A checklist is a tool used to identify whether conceptual skills or knowledge is absent or present in a person; it uses yes or no format to achieve its purpose. On the other hand, a rating scale is used to assess task performance level, processes, skill levels, procedures and quantities (Epstein & Sharma, 1998). Unlike checklists which use yes or no criteria, rating scales show the degree or frequency of achievement or a given behaviour.
One of the strengths and characteristics of checklists and rating scales is that both use specific criteria of measuring success depending on the expected outcome.
Both also have clear wordings, but in addition to words rating scales also have numbers, e.g. 1 = strongly disagree, 6 = strongly disagree. This numerical aspect of rating scales makes comparison of study objects easier and more reliable (Epstein & Sharma, 1998).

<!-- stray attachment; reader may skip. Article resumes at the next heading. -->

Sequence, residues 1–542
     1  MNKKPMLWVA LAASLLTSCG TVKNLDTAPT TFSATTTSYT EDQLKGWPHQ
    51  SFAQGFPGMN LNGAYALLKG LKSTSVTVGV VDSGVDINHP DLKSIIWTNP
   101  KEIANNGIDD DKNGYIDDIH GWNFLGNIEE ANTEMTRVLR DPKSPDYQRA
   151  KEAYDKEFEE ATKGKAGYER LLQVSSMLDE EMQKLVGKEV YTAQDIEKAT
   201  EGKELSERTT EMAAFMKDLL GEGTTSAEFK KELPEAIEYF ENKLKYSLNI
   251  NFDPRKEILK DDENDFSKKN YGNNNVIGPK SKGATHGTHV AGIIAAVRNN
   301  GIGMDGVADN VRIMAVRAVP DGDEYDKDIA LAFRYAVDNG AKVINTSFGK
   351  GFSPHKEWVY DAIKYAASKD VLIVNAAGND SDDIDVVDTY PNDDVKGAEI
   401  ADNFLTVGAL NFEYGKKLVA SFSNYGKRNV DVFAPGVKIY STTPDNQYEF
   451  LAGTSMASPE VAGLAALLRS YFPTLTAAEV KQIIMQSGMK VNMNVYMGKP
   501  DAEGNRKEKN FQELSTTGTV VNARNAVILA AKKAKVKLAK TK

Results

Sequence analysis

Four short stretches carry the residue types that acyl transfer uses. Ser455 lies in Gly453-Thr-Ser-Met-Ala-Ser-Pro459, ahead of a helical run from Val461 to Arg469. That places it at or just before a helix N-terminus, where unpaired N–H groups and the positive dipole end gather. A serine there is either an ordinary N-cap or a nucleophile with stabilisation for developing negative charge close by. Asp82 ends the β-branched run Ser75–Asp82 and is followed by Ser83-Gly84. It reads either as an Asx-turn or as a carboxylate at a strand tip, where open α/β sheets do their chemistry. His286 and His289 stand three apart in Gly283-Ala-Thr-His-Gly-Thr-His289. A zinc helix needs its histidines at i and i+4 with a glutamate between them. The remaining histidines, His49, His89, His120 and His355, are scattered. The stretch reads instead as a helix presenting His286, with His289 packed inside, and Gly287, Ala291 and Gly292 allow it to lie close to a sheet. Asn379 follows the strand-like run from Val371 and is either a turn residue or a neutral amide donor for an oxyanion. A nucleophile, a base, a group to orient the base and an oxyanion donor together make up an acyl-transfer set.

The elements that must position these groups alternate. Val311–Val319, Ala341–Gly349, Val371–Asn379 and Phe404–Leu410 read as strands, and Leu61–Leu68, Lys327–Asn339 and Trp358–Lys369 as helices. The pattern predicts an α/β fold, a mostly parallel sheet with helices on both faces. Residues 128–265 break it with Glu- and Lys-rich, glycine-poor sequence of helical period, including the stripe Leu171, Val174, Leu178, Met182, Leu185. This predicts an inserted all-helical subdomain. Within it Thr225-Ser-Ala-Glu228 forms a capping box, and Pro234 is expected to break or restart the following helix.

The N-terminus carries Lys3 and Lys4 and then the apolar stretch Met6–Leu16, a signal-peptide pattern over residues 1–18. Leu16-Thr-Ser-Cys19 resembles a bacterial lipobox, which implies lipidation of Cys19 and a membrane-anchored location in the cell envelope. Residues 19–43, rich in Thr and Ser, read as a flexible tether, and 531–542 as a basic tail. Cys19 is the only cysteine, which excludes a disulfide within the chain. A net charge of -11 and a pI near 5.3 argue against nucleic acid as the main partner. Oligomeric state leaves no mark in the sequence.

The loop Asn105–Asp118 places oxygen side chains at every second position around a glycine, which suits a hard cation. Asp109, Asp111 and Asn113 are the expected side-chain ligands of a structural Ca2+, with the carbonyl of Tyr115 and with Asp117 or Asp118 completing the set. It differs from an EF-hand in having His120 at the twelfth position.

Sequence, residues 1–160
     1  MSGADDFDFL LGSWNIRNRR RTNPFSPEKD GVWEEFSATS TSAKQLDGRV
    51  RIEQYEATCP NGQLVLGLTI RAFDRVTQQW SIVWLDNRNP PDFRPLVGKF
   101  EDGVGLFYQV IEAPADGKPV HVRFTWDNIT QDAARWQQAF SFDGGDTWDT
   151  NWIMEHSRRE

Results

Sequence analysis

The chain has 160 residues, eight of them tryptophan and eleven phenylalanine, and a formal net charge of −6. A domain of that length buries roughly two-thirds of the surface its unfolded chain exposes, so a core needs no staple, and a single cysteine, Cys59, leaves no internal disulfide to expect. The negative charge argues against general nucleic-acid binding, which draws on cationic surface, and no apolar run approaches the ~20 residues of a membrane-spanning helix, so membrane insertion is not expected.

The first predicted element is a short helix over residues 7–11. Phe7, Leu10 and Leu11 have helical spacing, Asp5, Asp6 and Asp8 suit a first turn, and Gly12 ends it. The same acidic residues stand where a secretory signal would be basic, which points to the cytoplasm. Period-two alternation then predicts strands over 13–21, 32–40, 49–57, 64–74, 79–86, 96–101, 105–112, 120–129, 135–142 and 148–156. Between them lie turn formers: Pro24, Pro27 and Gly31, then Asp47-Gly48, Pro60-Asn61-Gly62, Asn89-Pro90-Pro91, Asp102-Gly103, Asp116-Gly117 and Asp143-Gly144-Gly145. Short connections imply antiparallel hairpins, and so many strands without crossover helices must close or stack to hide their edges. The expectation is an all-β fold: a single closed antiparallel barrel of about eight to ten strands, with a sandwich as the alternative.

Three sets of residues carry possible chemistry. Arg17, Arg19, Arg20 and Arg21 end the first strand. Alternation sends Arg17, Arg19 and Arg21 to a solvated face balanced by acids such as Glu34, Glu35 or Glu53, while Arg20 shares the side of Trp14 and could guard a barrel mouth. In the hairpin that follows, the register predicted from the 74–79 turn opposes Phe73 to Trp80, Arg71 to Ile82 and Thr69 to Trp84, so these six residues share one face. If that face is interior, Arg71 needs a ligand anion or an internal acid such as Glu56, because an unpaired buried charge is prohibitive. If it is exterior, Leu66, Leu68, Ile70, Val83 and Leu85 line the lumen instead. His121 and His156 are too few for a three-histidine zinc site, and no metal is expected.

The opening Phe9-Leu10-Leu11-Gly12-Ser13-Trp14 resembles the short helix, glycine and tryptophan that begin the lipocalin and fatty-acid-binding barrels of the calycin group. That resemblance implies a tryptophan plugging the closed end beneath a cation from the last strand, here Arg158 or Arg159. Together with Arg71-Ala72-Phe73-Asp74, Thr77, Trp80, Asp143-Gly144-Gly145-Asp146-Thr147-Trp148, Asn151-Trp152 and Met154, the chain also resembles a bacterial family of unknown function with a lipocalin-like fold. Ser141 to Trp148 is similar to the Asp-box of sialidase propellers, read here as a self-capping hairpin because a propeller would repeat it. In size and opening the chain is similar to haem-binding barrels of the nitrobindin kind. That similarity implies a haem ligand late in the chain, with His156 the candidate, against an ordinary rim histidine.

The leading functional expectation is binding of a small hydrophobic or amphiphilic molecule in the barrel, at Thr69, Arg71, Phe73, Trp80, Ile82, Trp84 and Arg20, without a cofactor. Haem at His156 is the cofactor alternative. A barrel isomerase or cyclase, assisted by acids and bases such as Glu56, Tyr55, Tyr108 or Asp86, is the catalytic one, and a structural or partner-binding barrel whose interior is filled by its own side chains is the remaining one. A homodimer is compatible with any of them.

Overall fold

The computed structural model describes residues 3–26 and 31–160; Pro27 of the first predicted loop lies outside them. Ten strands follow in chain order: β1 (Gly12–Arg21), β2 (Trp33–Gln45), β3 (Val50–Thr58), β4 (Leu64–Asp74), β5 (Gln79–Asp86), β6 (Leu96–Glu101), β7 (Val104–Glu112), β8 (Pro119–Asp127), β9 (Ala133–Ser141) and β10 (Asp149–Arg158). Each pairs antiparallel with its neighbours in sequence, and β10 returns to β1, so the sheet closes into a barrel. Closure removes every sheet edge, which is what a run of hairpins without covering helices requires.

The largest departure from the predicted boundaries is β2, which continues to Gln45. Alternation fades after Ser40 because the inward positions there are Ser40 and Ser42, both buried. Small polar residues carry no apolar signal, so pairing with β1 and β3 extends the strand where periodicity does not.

One example of a checklist is procedural test where tasks and boxes are listed and a clinician ticks on the box next to each task when the task is completed. This will indicate the level of completion of tasks at the end of the procedure, e.g. when testing a patient’s personality.
Another example is the use of yes or no criterion to determine treatment outcome whereby the patient will be asked questions about his or her health and she answers yes or no.
An example for a rating scale method is assessment of personality by rating personality characteristics of the patient from poor (1) to Excellent (5). The use of rating scales may not be used with illiterate people because it requires reading and interpreting skills so that the respondent can rate each personality characteristic appropriately.
Epstein, M. H., & Sharma, J. M. (1998). Behavioral and Emotional Rating Scale: A strength-based approach to assessment: examiner’s manual. Austin, Tex: Pro-Ed.